Feeding your body with a consistent stream of calories is key if you want to gain weight, especially if you’re already having trouble with weight gain. Skipping meals, or even waiting the five or six hours between breakfast and lunch or lunch and dinner, means that your body will begin to draw energy from your energy stores. Without eating, your body is in a catabolic state, which means that after glycogen (the unused form of carbohydrates that we store) is used up, muscle is the next form of fuel. This is why eating a healthy breakfast shortly after you wake up is just as key, since you’ve been fasting all night. And don’t forget to time your meals and snacks with your workout: experts believe that there’s a window of opportunity after working out during which your muscles are most receptive to protein and calories, resulting in the most efficient muscle mass gain.

Calorie- and Nutrient-Dense Foods
4. Speaking of strength training…do it!
Even though strength training is touted as a method for weight loss, it’s still important for weight gain. To gain muscle mass, your body requires protein. But your body already uses up the majority of the protein you eat for regular physiological processes like hormone synthesis and metabolic processes. This means that you need to take in and store more protein than your body uses. If you’re strength training and not taking in more protein, your muscles will lack the amino acids they need to repair and rebuild more muscle — which means you’re actually burning muscle. Supplement your post-workout protein consumption with carbohydrates, which slow the rate of protein breakdown.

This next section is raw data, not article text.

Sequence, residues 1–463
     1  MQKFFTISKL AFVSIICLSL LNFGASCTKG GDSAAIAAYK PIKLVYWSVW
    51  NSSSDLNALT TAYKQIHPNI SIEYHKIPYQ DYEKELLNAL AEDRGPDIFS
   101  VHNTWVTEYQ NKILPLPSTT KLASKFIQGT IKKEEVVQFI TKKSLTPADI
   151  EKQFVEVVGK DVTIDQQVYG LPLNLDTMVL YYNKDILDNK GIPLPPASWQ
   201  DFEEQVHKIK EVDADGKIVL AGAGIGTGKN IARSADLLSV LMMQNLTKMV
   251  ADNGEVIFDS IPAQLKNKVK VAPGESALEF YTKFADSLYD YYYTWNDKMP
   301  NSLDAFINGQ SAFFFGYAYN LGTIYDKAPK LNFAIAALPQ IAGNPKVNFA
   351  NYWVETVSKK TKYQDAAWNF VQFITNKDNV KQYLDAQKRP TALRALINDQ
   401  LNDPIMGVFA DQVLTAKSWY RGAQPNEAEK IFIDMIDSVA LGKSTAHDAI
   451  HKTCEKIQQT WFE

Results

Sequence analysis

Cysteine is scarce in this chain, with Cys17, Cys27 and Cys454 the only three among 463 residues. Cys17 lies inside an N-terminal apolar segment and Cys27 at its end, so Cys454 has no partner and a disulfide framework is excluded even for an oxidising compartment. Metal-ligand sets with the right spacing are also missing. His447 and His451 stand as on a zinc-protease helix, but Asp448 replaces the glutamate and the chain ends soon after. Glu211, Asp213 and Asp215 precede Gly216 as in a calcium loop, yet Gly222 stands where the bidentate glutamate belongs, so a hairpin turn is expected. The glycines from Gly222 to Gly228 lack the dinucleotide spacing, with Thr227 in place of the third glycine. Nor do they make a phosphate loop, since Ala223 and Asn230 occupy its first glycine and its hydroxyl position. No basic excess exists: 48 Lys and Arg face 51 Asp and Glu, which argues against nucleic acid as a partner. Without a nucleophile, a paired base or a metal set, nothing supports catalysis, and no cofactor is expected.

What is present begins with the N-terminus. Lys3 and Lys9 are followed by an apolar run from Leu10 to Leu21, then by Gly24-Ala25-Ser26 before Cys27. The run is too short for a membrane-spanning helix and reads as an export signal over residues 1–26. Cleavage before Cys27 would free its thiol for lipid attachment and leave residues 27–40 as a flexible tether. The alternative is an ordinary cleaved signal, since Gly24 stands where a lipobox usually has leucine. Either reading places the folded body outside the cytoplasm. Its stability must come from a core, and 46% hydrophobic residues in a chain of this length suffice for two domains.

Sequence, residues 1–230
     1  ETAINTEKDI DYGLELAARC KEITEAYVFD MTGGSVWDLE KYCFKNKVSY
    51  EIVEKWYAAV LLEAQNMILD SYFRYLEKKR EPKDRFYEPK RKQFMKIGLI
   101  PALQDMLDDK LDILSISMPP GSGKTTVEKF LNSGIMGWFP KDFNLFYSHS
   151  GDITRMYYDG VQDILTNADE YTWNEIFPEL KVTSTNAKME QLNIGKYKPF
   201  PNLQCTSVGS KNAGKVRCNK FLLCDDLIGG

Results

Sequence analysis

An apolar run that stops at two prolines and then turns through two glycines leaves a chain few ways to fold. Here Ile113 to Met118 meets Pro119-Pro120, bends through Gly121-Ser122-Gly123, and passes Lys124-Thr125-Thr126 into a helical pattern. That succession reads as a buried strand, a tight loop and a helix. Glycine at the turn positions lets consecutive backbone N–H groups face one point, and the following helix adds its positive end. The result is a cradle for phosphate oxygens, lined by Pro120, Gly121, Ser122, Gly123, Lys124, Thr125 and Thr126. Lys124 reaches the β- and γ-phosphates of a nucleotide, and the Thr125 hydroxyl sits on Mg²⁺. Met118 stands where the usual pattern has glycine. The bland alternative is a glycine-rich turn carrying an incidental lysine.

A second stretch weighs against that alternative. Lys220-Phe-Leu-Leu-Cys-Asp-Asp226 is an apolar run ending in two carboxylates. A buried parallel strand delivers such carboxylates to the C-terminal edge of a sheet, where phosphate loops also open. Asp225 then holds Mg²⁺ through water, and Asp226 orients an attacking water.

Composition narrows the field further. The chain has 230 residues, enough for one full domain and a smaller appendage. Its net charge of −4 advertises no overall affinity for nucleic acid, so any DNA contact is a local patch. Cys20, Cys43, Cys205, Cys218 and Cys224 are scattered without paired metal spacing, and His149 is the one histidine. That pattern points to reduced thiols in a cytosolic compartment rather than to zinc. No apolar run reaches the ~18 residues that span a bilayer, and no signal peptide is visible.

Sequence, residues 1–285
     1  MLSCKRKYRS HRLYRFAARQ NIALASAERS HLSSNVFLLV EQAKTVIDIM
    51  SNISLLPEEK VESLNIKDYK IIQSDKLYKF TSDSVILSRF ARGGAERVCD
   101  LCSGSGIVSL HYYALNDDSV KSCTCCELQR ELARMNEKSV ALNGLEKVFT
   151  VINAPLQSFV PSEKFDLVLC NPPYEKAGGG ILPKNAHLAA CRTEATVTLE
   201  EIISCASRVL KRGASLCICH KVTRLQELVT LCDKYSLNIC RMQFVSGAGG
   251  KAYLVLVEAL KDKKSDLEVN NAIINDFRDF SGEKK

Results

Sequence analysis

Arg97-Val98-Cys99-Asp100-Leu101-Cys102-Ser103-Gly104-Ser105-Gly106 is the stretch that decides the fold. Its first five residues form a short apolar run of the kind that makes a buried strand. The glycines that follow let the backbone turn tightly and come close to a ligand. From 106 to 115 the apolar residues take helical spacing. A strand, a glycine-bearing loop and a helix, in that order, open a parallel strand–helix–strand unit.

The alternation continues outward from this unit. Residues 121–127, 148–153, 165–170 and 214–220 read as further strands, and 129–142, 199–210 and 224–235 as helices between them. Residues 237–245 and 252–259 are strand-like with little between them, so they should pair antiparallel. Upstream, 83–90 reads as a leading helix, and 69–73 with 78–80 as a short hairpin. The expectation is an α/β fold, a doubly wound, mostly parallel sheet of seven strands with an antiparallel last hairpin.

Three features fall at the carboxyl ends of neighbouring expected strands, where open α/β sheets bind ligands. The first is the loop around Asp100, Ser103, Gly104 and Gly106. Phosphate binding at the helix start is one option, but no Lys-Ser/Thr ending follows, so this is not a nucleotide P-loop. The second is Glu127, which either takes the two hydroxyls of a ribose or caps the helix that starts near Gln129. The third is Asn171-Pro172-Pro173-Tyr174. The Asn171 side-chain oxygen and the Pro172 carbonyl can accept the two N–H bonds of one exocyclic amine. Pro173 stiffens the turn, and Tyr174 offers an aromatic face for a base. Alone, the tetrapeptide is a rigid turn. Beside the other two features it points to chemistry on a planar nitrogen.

5. Eat before bed
According to a study from Maastricht University Medical Center in the Netherlands, muscle protein synthesis is relatively low during sleep; this is most likely attributable to the fact that there aren’t as many amino acids available for building muscle, says lead researcher Luc J.C. van Loon, Ph.D. But eating a snack high in protein along with some carbs may lead to gains in muscle mass: in another study, men who downed a protein shake before sleep increased muscle protein synthesis by 22%. Men’s Health advises eating a snack with about 25 grams of high-quality protein like cottage cheese and fruit, Greek yogurt, or three ounces of turkey.

6. Indulge with healthy desserts
Gaining weight doesn’t give you free reign to eat cookies, cakes, donuts and candy, but it does give you a little extra wiggle room when it comes to dessert. Truly healthy desserts take some creativity: energy bites, which are similar in taste and texture to cookie dough balls, are made with nutrient-rich ingredients like peanut or almond butter, dates, coconut flakes, flaxseed, dark chocolate and oatmeal. Or finish a meal with cookie dough dip, a stealthy concoction of chickpeas or white beans, nut butter, oats, and chocolate chips. For the purists, ice cream is also a good choice: according to a study published in the American Journal of Clinical Nutrition, ice cream triggers an increase in insulin, which hinders protein breakdown.

Healthier Desserts